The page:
Hanna spent the first eight years of her life in western Poland with her Roma family. When Germany attacked Poland in September 1939, Hanna’s mother had only recently died. Her father set off with the family to move further away from the front. The journey would have been too much for Hanna and her little sister, so they remained behind in the care of an aunt. Their father promised to return for them but he and the rest of the family were confronted by German soldiers outside the aunt’s house. Hanna and Anita watched through the window as the entire family was gunned down. The soldiers returned to the house and shot the aunt and uncle.
Hanna and Anita were spared on this occasion but were later transported to the concentration and extermination camp Auschwitz-Birkenau. Hanna was 10 years old, Anita three years younger, and she remembered clutching her sister’s hand tightly throughout the ordeal, afraid they would be separated. After only a few weeks in the camp, Anita was selected among the countless number to be murdered in the gas chambers.
After Anita’s death I began to understand that the only way to survive was to cut myself off from my emotions. One could have no compassion for the other prisoners. There was one thing to be done and that was to try to survive.
Hanna managed to survive the thinning out of inmates for several years. She exaggerated her age, making herself a candidate for forced labour, and was moved from Auschwitz-Birkenau to various labour camps. She endured heavy labour and various types of assault. For a while she was held in the Majdanek concentration and extermination camp on the outskirts of Lublin. According to Hanna herself, this was the worst of the camps. In Majdanek, everyone was resigned to their imminent death. One day, it was Hanna’s turn. She was tied to a Jewish girl of her own age and placed in the left-hand column, those who were to die.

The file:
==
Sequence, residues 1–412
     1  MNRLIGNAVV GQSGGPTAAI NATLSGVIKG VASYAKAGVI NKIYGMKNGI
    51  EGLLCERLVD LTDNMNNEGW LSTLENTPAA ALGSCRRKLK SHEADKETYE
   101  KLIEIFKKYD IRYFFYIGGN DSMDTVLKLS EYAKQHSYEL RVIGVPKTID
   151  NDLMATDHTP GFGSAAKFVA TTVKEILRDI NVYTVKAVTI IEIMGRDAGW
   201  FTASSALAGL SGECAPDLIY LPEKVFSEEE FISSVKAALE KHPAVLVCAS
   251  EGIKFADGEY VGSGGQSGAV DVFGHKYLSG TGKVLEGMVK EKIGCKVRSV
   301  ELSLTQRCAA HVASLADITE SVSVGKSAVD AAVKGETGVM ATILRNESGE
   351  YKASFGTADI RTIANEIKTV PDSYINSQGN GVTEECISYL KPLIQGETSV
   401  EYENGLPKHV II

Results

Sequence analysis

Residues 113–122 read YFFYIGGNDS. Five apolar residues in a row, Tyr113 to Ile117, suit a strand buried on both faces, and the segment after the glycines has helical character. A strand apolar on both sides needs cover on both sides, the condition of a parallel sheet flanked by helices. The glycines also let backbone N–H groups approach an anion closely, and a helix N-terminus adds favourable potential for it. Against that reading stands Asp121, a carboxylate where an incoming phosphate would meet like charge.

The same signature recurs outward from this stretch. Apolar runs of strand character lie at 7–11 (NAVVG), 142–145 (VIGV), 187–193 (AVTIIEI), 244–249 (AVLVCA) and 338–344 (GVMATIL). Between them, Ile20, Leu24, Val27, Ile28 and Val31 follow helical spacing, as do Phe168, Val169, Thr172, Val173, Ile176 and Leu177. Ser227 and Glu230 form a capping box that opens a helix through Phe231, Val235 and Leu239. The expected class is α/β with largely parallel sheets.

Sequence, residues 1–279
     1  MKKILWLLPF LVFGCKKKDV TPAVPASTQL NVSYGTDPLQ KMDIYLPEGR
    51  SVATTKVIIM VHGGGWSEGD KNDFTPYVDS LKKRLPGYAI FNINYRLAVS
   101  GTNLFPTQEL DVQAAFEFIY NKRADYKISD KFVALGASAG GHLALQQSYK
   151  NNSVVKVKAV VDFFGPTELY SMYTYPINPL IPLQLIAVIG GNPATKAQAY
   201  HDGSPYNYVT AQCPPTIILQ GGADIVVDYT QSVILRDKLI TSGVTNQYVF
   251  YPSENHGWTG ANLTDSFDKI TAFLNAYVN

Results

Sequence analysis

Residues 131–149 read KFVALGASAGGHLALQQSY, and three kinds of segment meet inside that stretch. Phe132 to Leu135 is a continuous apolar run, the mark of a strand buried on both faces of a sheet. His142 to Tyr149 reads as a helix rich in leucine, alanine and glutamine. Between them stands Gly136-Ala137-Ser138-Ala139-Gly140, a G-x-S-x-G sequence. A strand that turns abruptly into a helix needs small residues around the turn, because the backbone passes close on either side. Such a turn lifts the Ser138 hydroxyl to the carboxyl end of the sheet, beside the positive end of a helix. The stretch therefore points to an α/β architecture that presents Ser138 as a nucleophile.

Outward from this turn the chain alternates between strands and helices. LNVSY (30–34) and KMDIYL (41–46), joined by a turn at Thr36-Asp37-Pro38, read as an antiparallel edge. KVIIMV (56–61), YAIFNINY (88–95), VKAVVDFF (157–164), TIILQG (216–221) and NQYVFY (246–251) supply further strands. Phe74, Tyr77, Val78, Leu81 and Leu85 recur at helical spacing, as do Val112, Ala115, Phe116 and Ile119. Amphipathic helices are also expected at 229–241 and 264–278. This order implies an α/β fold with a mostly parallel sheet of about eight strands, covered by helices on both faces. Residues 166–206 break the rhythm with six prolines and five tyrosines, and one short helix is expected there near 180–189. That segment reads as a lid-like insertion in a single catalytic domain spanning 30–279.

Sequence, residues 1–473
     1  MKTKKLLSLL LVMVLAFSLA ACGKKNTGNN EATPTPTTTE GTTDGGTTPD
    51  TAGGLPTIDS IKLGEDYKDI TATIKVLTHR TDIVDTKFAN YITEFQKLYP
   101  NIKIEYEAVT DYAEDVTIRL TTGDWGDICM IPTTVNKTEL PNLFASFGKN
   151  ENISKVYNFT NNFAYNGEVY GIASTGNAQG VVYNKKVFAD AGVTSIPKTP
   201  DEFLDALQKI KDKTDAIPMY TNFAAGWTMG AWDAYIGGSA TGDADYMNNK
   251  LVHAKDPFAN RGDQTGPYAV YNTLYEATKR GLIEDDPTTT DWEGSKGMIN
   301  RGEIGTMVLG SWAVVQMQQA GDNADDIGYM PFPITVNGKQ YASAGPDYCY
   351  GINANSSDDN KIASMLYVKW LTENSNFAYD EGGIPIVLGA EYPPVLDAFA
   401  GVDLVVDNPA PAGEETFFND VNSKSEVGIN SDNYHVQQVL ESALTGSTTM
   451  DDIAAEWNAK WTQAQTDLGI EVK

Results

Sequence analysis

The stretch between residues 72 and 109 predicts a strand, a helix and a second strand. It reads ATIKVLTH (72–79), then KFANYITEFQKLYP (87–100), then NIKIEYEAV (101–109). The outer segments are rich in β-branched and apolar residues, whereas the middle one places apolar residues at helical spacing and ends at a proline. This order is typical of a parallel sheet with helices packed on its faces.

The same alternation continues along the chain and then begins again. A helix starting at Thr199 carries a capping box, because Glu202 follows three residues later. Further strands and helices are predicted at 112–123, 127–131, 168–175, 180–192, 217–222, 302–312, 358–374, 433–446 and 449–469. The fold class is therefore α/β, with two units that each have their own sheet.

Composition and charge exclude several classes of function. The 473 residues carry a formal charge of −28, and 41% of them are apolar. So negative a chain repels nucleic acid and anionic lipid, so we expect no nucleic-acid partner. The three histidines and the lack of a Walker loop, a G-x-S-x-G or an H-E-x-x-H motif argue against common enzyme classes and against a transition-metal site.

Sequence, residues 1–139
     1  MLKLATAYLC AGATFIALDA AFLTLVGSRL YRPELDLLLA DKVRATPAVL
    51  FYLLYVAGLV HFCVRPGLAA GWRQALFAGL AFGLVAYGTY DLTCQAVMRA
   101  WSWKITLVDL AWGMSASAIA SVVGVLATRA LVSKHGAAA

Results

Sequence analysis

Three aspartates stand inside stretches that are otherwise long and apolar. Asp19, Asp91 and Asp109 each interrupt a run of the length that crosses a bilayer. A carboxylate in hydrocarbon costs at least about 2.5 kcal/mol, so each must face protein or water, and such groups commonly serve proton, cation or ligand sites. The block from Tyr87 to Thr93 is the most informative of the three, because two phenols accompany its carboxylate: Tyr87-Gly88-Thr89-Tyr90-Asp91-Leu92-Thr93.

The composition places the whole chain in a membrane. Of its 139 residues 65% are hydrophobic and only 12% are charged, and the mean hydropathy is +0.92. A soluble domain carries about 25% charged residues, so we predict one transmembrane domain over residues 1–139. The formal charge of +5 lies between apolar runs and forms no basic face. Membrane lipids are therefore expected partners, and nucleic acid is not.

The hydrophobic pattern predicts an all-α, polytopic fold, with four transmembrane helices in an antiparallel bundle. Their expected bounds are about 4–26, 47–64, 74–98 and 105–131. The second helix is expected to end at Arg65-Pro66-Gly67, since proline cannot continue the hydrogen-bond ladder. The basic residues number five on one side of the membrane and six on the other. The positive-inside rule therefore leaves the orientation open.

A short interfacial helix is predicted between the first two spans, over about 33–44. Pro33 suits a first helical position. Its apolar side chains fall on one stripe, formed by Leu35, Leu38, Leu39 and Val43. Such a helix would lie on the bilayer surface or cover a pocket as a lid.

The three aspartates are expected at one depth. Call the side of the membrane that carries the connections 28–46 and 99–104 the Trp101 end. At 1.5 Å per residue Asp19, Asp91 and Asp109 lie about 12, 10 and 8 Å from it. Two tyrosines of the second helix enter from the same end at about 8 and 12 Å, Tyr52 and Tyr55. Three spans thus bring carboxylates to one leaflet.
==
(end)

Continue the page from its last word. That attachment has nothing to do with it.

As Hanna remembered it, they spent what seemed like an entire day tied to one another, waiting in the queue for death. Then a new order was issued; all able-bodied prisoners were to be shipped to a factory in Hamburg, Hanna included.
The final labour camp in which Hanna was held was Ravensbrück. One day, white ambulances arrived at the camp and the prisoners were informed that the war was over. This was the Swedish Red Cross operation the White Buses. Hanna and her cousin Sofia arrived in Sweden on the White Buses in spring 1945, survivors of the genocide of the Roma. They were two of the few Roma whom entered Sweden at the end of the war, as the country maintained a ban on non-Swedish Roma entering the country until 1954.
The icon. Berith Kalander tells.
Header photo: Photo of portrait of Hanna Dimitri (Brezinska), with the icon in the background. Photo: Swedish Holocaust Museum/SHM.
- Hanna’s testimony has been passed on to the museum by survivors.
- Icon lent to the Swedish Holocaust Museum.
- Kalander, Berith. 1996. Min mor fånge Z-4517. [My Mother Prisoner Z-4517]. Publication series No. 2. Gällivare: Gällivare Municipal Public Library.
- Kalander, Berith. 2015. Sörj inte lidandet välkomna livet [Grieve Not Suffering, Welcome Life]. Öjebyn: Berith Kalander cop.
- Lundgren, Gunilla. 2005. Sofia Z-4515. Stockholm: Tranan.